This scenario I described is becoming more and more common to protect REST APIs. It is common to have different sort of clients that don’t handle OAuth2 tokens directly and an API Gateway (with Spring Cloud NetflixOSS we have Zuul Proxy, for instance). Similar approach to have OpenIG as API gateway to obtain and relay OAuth2 tokens.

    Exactly this I had implemented with Spring Cloud + Spring OAuth2 with ZuulProxy as gateway with a simple authorization server implemented with Spring stack (which allows to register a client specifying “auto-approval”!). This was working fine and I just wanted to replace the spring oauth2 server by OpenAM. As both they follow the OAuth2 spec this worked fine, however I can’t implement “auto-approval” with OpenAM.

    Regarding the solutions you provided I agree with you.. they seem more like workarounds (not to say hac..”). From my point of view it would be desirable that OpenAM provided with a check “auto-approval” in the setup for this sort of scenarios.

    Thanks for your help

     Bill Nelson

    I’m not sure that the “check box” to tell OpenAM to auto approve is possible as you still need to define what it is that is being auto-approved and for which client the auto approval is being applied. The consent is saved in the user’s profile so either way you need to define the name of the attribute where to store/read the consent. This is not part of a directory server’s typical schema so you would need to extend that schema to accommodate and then decide what to store in the attribute value – and that will be based on the scope you are allowing in the consent. So again, I don’t see how you could check a checkbox and make this all work out. Now a wizard, maybe…..

    Note: One could argue that OpenAM should simply add new extended attribute to the user’s profile in which to store the saved consent (since it already has extended profile attributes), but that assumes that OpenAM is managing those users, itself, and that is a bad choice/assumption (we can talk about the pros/cons of OpenAM user management in another thread).

     Miguel F

    Hi Bill,

    Yes, exactly, the “auto-approval” indicator would be associated to the client registration. It can’t be generic.

    This is an example how to set “auto-approval” on client registration with Spring in a programatic way I used for testing purposes and they are directly stored in a in-memory database. This way of registering clients for my point of view is more for evaluation / showcases purposes.. You could do the same with a database script to add the clients directly to the data model instead. Obviously OpenAM supports client registration from the console (and client auto-registration, at least for OpenId) and much more features.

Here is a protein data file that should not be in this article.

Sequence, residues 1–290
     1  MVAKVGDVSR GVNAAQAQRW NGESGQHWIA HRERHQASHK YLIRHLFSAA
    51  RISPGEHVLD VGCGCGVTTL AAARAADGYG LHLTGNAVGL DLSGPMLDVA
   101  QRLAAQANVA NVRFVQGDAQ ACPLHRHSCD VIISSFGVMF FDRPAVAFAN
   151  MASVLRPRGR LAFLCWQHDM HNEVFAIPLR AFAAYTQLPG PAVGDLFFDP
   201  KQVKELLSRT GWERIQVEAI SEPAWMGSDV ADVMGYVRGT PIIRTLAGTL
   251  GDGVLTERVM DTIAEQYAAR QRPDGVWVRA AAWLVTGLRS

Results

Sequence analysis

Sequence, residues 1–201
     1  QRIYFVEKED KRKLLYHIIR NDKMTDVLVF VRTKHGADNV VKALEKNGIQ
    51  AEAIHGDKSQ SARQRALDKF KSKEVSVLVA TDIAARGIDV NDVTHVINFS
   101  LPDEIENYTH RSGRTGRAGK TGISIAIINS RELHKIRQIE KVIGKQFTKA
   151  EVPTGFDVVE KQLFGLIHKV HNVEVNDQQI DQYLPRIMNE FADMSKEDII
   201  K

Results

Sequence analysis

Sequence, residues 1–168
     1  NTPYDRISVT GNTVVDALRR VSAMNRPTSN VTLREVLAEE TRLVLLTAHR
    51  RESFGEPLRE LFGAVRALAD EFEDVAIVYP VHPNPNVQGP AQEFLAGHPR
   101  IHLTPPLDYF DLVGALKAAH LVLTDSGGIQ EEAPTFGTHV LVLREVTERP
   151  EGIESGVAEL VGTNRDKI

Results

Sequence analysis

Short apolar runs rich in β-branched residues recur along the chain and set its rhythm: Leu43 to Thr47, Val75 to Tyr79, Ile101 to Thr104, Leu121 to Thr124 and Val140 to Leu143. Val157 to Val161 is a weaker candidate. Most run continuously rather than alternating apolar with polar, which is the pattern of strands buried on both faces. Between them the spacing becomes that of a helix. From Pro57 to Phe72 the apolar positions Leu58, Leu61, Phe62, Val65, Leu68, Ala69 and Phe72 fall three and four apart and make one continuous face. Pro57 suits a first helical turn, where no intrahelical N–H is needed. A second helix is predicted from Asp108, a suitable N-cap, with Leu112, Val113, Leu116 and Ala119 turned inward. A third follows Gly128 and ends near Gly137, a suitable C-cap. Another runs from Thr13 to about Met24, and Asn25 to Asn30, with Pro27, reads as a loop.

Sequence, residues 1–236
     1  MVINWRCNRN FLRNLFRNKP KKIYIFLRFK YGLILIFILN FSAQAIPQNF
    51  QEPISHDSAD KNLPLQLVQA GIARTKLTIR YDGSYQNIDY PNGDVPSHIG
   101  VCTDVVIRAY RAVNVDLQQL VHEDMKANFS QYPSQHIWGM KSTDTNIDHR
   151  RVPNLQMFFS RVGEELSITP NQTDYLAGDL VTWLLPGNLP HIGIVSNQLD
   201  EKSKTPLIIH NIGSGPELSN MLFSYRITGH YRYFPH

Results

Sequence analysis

But just to see in which context the “auto-approval” flag would be set is a good example (per client registration when you specify scopes, supported grant types for this client, client id and secret and so on).


    So yes, I agree with you the flag / indicator can’t be generic.
    Well this is an idea.. is how Spring supports it and it works perfectly.

    Thanks again!

     Bill Nelson

    Thank you for providing the Spring snippet, Miguel. Good stuff.

    Let me know if you have any problems getting this to work with OpenAM.

    • This reply was modified 6 years, 6 months ago by Bill Nelson.
     Miguel F

    Thanks Bill.

    Yes, the snippet is just to see an example of implementation, an idea.
    In OpenAM might be different as the data model is different – at least it will be necessary to map the field where the consent is stored per every user.
    But regarding the moment where you can set this up in OpenAM (specify that for that client you want to implement auto-approval) I guess it could be where you register each OAuth2 Client as agent (OAuth 2.0/OpenID Connect Client -> Agents).

    I will keep you posted. I will write in this thread what is my experience and solution when we implement this. As you said, a workaround would be to set the consent granted per user in the repository. However, we should see how to automatize this.
    I might open a issue to ForgeRock pointing to this thread and see if they see reasonable to add this feature useful in this sort of scenarios but for now I need to try this work somehow and there is where your idea / workaround comes in handy :-)
    Thanks for your interest

    • This reply was modified 6 years, 6 months ago by Miguel F.
     Miguel F

    Hi guys,

    I found that a JIRA issue was already open regarding this subject:

    They suggest another interesting “workaround” that is modify/customize the OpenAM template corresponding to the User Consent page.
    I guess the idea would be to post the form (accepting it) automatically with JS or something like that.
    Whilst this might be less “intrusive” that the other “workarounds” we discussed here (going to the LDAP field per every user where the consent flag is kept) I guess it might have other col-lateral effects: for instance, probably this template is global for openam (not sure, i would need to find out) and this might not be a solution if you really need to show the consent page to the user and in some other not.


    • This reply was modified 6 years, 6 months ago by Miguel F.
     Bill Nelson